The circuit is part of the 2,500-acre (1,000 ha) Jaypee Greens Sports City,[29] which has increasingly delayed plans to include a 100,000 seating capacity international cricket stadium, 18-hole golf course, 25,000 seat field hockey stadium and a sports academy. The circuit design incorporated feedback from the teams on how the circuit could be altered to improve overtaking. This resulted in some minor changes before 2010: the planned hairpin at turn seven was removed, and the track at turn three was widened to allow drivers to take different lines throughout the corner. More information was released in August 2010, revealing that there were plans to make the circuit one of the most challenging for drivers, with the circuit rising fourteen metres within the first three corners alone and a banked double-apex bend on the far side of the circuit.[32] The track has since been praised by drivers, including Lewis Hamilton who compared it to the classic Circuit de Spa-Francorchamps.[33]

The banked multi-apex turn 10–11–12 sequence is one of the most notable sections of the circuit. It has been likened to the long, fast Turn 8 at Turkey's Istanbul Park circuit as it is a challenging sequence that generates high tyre loadings. Unlike Turkey's Turn 8, it tightens on exit and is a clockwise right-hander. Although it is not one of the main overtaking points, it is the corner that shows F1 cars to their full cornering potential. The circuit's main straight, at 1.06 km (1,159.2 yd), is among the longest in F1, with a key overtaking point at its end. The pitlane is also one of the longest in F1, at more than 600 metres: as in most races with pit stops, time spent in the pitlane is an important factor in determining race strategies.[34]

Before the opening weekend, the expected lap time for a Formula One car around the track was 1 minute, 27.02 seconds, at an average speed of 210.03 km/h (131 mph). At the end of the long straight between corners 3 and 4, Formula One cars were expected to reach a top speed of about 318 km/h (198 mph).[35] In the inaugural qualifying session, Sebastian Vettel turned in a lap time of 1 minute, 24.178 seconds, beating the predicted lap times from tyre manufacturer Pirelli. Scuderia Toro Rosso driver Jaime Alguersuari posted the top speed through the speed trap, reaching 324.2 km/h.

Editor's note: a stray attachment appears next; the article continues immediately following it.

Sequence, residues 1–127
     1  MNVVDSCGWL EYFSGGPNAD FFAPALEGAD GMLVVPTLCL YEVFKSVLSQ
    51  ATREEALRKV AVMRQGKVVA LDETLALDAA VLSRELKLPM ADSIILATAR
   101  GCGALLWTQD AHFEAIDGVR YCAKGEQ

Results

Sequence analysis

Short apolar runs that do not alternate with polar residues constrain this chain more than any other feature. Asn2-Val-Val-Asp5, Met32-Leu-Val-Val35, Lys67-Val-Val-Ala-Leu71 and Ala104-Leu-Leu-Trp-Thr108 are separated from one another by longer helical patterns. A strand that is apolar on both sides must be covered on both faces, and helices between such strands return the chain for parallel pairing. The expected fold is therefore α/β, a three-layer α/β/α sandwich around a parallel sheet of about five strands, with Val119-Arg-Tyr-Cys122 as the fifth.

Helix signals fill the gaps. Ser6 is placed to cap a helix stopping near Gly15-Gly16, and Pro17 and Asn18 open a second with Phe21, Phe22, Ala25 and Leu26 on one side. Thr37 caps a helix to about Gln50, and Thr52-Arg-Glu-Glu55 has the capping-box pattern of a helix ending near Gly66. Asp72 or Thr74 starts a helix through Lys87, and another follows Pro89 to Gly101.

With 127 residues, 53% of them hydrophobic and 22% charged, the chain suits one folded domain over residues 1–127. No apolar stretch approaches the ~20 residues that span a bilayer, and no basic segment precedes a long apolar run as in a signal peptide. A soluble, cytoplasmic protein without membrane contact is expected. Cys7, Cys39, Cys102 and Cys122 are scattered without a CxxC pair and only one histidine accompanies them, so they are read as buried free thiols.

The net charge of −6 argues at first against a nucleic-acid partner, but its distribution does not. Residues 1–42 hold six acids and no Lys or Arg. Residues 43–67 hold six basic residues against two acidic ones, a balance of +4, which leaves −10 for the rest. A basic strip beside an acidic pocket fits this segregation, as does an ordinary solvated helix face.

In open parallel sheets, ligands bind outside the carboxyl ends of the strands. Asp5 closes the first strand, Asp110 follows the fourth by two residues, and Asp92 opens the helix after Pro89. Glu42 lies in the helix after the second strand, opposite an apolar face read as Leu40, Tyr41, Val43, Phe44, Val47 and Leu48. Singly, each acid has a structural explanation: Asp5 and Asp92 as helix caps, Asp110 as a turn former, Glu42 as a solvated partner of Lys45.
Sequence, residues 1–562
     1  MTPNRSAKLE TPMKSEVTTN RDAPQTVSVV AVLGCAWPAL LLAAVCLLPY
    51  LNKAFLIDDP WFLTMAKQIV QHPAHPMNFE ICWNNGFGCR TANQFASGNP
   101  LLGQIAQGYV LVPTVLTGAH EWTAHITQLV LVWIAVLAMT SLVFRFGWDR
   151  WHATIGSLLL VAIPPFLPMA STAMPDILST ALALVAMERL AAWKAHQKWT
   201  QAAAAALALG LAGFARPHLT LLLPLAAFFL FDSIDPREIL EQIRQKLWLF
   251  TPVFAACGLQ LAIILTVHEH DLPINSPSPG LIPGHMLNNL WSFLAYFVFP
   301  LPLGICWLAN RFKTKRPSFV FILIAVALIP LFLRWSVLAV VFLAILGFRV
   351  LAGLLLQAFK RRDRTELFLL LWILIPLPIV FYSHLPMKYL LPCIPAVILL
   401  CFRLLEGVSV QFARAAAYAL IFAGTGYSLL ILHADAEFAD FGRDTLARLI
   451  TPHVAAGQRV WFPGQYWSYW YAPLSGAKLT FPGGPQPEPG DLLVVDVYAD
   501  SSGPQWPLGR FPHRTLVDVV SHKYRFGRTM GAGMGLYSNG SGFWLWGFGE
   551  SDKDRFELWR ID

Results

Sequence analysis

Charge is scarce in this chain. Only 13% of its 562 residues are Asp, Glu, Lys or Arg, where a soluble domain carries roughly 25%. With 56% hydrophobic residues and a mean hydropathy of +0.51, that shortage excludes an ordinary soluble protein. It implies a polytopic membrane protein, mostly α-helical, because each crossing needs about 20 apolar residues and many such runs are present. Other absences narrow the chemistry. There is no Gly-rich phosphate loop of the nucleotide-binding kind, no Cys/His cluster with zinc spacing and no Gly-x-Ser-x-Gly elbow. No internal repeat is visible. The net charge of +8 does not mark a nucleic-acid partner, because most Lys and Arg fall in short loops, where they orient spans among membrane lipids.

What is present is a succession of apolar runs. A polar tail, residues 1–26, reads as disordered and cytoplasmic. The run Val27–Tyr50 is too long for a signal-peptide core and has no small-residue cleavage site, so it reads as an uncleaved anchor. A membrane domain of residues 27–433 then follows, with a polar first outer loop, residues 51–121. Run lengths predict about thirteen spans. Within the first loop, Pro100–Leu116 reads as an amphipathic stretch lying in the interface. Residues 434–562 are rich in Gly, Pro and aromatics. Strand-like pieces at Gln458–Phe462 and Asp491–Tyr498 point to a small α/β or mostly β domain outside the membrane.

The relatively compact circuit was due to host a GT1 World Championship round as the season finale in December 2012,[36] but the event was cancelled.

The circuit was due to host a Superbike World Championship round for four seasons, starting in 2013.[37] However, the 2013 race was cancelled due to operational charges of Buddh International Circuit.[38]

No international championships have raced at the circuit since 2014.


The reception among drivers was overwhelmingly positive,[39] with praise directed towards the high-speed layout and challenging corner combinations that Jenson Button described as difficult to drive in a consistently quick fashion.

The circuit has been often compared by F1 drivers to the classic Circuit de Spa-Francorchamps, a track known for high speeds and the type of corner-to-corner flow that comes from natural terrain. Inaugural winner Sebastian Vettel praised the track saying that "there is a lot of elevation change around the lap which adds to the fun, from as much as 8% downhill and up to 10% uphill; it's like a roller coaster. It really has emerged as one of the most challenging circuits on the calendar for the drivers."[40]